Carmine Appice | Interview | New Album, ‘Energy Overload’
Drummer extraordinaire, composer and producer Carmine Appice has joined forces with multi-instrumentalist and rising studio star Fernando Perdomo to form The Appice Perdomo Project.
Their album, ‘Energy Overload’ was released September 24, 2021 via Cleopatra Records. Carmine Appice is best known for co-founding Vanilla Fudge, Cactus and King Kobra. As a drummer and composer, he has worked extensively with Ozzy Osbourne, Rod Stewart and Ted Nugent. Fernando Perdomo, the son of Cuban immigrants, quickly launched a successful career as a multi-instrumentalist, producer, and session musician upon moving to Los Angeles in 2012. He was recently featured in the film ‘Echo in the Canyon’, where he recorded and performed with Eric Clapton, Brian Wilson, Jakob Dylan and many others.
“The energy between us never stopped”
Thanks for taking your time. How are you coping with the pandemic as an active musician?
Carmine Appice: Luckily I moved to Florida during the pandemic. My new home has a studio in it, so I spent all year working on new projects. ‘Tightrope’ by Cactus and ‘Stop in the Name of Love’ with Vanilla Fudge. It’s a new single. I also worked on three bonus tracks for my ‘The Definitive Carmine Apice’s Guitar Zeus’ box set plus on videos that will be out in November… and of course ‘Energy Overload’. But no shows!
Your new album, ‘Energy Overload’ was recorded during lockdown. What was the original idea behind it? How happy are you with the result?
We had no idea at the beginning . I met Fernando through Dana, Tom Dowd’s daughter. She said he wanted me to play on a couple of tracks for a project he was doing. Considering my studio was just born, I needed a project to get me to learn how to use it and develop my drum sound in the studio. So after talking to Fernando, I sent him an instrumental song I wrote on my iPad for him to send me stems to record my drums to. So, when I got it back, I did the drums and it came out great. That was the song ‘Thunder’. Then we just kept sending stems back and forth. Eventually we recorded 18 songs.
The results were awesome. Fernando can play anything and really well. I sent a friend the song ‘Flower Child’. She thought it was Jeff Beck. And she is a well known artist in her own right. So there you have it… great results.
Can you share some further details on how it was recorded? What was the energy between you and Fernando Perdomo?
As I said, we started sending stems back and forth. Sometimes he would send stems he wrote and after I played them, I added more to it. Like ‘Little Havana, Big Havana’. He sent me the stems, I played it then added a completely different drum part at the end. Very fast double bass shuffle with accents et cetera. Then he wrote music to fit that. That became ‘Little Havana, Big Havana’. We just played and had fun. The energy between us never stopped. It is still going on as we are six songs deep into album number two.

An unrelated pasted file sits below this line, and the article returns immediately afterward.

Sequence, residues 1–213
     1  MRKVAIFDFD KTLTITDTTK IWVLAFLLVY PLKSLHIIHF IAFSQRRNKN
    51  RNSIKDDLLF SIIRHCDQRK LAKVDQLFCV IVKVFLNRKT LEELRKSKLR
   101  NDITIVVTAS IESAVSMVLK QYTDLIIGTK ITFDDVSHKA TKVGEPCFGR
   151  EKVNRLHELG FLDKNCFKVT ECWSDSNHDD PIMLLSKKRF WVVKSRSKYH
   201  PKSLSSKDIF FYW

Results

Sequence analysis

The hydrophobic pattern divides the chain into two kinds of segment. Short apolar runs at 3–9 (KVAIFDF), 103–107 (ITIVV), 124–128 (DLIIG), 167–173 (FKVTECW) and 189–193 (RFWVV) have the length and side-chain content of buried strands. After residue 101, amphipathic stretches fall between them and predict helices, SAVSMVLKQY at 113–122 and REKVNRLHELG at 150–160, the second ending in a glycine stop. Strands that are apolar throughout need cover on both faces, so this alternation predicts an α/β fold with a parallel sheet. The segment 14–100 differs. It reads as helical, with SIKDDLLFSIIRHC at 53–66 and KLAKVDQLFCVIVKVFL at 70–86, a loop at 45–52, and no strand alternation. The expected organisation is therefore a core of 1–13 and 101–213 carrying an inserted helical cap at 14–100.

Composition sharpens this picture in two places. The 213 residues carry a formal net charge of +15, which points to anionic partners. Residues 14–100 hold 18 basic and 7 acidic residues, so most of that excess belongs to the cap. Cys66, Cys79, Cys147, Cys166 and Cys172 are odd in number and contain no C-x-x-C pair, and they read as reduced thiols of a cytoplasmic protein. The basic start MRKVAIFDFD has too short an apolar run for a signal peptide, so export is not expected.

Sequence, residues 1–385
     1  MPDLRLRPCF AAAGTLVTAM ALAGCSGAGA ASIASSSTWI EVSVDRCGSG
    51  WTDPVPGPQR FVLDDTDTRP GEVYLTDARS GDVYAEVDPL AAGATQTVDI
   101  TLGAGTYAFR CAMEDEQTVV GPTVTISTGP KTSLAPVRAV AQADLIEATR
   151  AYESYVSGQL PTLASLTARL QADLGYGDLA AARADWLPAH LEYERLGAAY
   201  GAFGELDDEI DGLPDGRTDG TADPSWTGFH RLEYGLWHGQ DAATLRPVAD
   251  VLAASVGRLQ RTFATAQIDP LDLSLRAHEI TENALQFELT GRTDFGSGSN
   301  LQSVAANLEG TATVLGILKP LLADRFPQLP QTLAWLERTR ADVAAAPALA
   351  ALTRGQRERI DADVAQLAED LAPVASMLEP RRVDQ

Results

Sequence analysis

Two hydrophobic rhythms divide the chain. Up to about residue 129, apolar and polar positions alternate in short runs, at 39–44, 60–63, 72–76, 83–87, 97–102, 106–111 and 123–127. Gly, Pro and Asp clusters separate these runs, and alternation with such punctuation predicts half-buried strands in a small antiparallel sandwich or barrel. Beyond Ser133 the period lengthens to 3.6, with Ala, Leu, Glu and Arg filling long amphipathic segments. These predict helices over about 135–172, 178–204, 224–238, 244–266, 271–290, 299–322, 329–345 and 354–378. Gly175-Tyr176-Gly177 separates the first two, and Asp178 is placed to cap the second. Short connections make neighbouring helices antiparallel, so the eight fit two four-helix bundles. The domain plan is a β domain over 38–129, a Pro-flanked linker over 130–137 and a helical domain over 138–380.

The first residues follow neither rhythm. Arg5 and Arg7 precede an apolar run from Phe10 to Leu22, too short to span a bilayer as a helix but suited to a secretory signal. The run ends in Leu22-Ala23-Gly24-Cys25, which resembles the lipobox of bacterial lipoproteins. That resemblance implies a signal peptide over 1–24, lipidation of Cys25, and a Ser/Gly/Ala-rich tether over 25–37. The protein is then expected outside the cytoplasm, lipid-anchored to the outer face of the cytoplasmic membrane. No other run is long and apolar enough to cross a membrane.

How do you usually approach music making?
It is all different and with whom I’m making the music. With Rod Stewart… he worked from demos you create and rehearsed them until we came up with arrangements we all liked. In Vanilla Fudge it was Mark Stein who usually started an arrangement then the band finished it. In Cactus we jam riffs and write songs as we go along. In APP (The Appice Perdomo Project) we all did differently. Sometimes I gave him just a drum track with dynamics and groove. He would write on top of it… that was interesting.
Would it be possible for you to choose a few collaborations that still warm your heart?
All my collaborations warm my heart or I would not do them. Cactus, ‘Guitar Zeus’, latest Vanilla Fudge tribute to Tim Bogert, Beck, Bogert & Appice Live in 1974 that will come out at some point, new King Kobra still warms my heart… I love the ‘Energy Overload’ album. We did it because it was all fresh ideas and with Fernando playing gtr bass and keys it was easy for us. Playing with Jeff and Rod would warm my heart.
“To be heard I had to pound my way through a show”
What are some of the most important players that influenced your own style and what in particular did they employ in their playing that you liked?
Buddy Rich and Gene Krupa were my main influences. They brought the drums out front as what I wanted to do in rock. Also Mahavishnu Orchestra. They turned me on to the progressive jazz rock I loved. Billy Cobham was amazing in that band.
As far as my style, I think I developed my own because I play technical hard and loud. The hard and loud came from playing loud rock music with no good sound systems live. To be heard I had to pound my way through a show… I was the first to play that hard of the 1967 drummers who came out like Mitch Mitchel, Ginger Baker, Keith Moon and Dino Donelli.
Would you like to comment on your drumming technique? Give us some insights on developing your drumming technique.
Well. As I said I went through all the classic books and studied through my teen years. So I had good technical skills. But then loud rock became part of my career with Vanilla Fudge. So I had to pound harder while playing technical. But I was always looking for new ideas. I came up with oversized big drums for volume. Bigger was louder. Bigger meant playing harder. So it was harder to be technical playing louder. But I worked it out. I wrote Ultimate Realistic Rock Drum Method, my successful drum book. I had a teaching studio in which I came up with a lot of new ideas to teach and do at clinics. All this helped me get better. I was the first rock drummer to do clinics. From my studio I came up with many new drumming concepts for single and double bass back then. Now like everything else the double bass players are amazing…